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Let the ballfields be joyous

Baseball and softball season is upon us.

Get every young person able to play signed up quickly so they can enjoy the greatest game ever played.

The life lessons taught in these sports are amazing. Lessons of teamwork in how you can have a team full of all-stars, but if they don’t click and play as a team then they will never be truly successful. The lessons of never giving up no matter the score as the game ain’t over until it’s over. Remember the 12- run deficit comebacks from the Indians in 2001 over the Mariners or the 1911 Tigers who came back to beat the White Sox.

The lessons of cheaters never truly win. How it is OK to strike out…just go down swinging. Or the greatest life lesson in how you leave it all on the field where you place all your energy so that when the game is over you gave it your all.

I like how the Psalmist declares in Psalm 96:12 “Let the field be joyful and all that is in it”.

While this isn’t necessarily talking about baseball, it is talking about life. These fields need to be joy filled with fun and growth. We aren’t raising professional athletes. We are, however, raising and training young men and women who will grow to be something other than athletes most likely. Harmon Killebrew was an infielder in major league baseball from 1954 to 1975. No other player hit more home runs in the ‘60s than “The Killer’s” 393. He ended his career with a batting average of .256, 2,086 hits, 1,584 RBIs and is currently 12th in home runs with 573. He was in fourth place when he retired in 1975.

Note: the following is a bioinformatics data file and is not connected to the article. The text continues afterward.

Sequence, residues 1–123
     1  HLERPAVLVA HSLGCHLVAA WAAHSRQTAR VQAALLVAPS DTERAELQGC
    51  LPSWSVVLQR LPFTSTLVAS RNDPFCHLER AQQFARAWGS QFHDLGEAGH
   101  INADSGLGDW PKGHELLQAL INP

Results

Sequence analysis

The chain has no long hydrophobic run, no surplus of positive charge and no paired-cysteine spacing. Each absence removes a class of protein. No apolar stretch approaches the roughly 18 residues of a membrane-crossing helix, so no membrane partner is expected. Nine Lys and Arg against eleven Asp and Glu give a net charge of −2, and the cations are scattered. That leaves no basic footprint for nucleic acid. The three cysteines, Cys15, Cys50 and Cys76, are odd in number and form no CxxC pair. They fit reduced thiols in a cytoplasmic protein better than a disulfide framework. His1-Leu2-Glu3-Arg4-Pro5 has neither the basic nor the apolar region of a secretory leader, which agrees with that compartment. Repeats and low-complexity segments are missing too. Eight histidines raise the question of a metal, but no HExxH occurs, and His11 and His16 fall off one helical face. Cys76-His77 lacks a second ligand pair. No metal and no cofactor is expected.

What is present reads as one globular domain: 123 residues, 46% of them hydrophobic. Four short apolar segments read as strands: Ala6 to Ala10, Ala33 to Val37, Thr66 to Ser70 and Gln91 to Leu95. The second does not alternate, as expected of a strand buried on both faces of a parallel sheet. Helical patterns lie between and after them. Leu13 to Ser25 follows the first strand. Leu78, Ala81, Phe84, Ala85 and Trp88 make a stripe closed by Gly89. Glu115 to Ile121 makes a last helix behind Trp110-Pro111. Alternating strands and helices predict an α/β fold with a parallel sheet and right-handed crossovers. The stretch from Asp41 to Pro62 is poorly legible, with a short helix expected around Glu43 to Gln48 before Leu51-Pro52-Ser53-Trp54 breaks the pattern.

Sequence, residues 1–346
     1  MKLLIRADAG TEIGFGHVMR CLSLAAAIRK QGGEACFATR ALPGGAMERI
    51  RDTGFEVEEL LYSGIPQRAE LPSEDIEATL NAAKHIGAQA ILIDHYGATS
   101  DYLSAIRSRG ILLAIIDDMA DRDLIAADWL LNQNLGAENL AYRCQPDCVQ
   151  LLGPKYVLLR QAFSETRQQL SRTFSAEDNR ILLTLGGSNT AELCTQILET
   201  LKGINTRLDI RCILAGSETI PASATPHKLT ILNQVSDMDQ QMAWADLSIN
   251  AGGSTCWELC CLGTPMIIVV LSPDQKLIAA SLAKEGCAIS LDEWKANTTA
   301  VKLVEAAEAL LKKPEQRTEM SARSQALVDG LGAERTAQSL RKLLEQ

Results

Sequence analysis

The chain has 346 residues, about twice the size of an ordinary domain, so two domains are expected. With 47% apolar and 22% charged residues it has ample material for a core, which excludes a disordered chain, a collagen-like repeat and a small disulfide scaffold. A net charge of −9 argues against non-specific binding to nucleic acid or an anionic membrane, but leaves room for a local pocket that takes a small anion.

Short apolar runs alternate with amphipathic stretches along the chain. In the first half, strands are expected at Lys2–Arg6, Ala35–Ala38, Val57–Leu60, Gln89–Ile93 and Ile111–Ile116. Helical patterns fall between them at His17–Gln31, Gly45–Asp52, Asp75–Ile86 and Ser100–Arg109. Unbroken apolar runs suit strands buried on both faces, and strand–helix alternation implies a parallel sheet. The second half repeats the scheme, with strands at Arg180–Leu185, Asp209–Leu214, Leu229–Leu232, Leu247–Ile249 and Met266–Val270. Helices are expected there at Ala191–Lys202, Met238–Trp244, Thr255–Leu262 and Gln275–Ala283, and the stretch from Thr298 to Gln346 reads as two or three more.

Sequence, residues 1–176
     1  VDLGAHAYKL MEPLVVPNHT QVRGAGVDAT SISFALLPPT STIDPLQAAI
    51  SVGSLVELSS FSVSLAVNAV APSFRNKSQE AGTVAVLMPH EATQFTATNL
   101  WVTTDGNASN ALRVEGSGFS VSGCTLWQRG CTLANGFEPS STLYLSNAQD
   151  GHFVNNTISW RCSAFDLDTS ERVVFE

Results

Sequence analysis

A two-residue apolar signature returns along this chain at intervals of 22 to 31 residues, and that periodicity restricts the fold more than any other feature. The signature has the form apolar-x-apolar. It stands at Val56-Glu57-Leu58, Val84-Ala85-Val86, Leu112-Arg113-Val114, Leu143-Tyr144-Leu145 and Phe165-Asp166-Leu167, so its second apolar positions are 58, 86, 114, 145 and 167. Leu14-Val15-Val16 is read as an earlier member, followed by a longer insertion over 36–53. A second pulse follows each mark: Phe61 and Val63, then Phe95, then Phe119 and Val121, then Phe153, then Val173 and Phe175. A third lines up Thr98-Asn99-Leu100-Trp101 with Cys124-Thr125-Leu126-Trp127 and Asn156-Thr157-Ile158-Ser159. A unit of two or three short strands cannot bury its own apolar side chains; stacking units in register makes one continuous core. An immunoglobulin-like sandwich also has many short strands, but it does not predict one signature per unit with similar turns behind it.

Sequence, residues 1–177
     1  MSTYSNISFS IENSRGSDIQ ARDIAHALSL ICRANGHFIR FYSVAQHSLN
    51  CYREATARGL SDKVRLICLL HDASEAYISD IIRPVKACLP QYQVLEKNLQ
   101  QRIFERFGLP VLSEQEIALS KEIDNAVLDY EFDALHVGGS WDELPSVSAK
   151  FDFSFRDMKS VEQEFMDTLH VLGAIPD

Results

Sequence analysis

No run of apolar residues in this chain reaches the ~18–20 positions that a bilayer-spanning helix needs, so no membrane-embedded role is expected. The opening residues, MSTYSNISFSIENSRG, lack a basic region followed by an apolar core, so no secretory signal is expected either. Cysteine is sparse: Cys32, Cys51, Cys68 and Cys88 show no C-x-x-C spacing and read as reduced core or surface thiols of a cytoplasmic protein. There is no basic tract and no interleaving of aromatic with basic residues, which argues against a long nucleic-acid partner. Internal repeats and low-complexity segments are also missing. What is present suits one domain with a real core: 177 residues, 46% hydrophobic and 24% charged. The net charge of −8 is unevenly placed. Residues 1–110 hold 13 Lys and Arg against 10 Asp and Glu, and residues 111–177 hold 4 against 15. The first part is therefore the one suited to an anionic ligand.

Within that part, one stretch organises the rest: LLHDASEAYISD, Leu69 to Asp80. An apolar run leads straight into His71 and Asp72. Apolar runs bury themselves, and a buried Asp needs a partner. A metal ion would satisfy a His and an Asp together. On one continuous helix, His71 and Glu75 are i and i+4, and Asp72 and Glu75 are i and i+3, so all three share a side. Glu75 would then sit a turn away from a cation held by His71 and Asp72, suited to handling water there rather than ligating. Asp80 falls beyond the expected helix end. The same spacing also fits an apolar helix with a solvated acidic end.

“My father used to play with me and my brother in the yard,” Killebrew said. “Mother would come out and say, ‘You’re tearing up the grass.’ ‘We’re not raising grass,’ Dad would reply. ‘We’re raising boys.’”

Folks, this spring and summer, tons of young folks will run onto a field to play the greatest game. They may be horrible at it, but they are still there. Go support them. Cheer them. Train them. They are not professionals, so remember how none of them are getting paid and there is no money on the line.

Let them see how to behave and act/react by your actions.

Go volunteer, making a difference by being the good these young people need. You may be exactly what they need to have in their life right now. As the psalmist declared, let our fields be joyful. Go be the good needed.

Rev. J. Cameron Bailey is pastor of Kenbridge Christian Church. He can be reached at jamescameronbailey@gmail.com.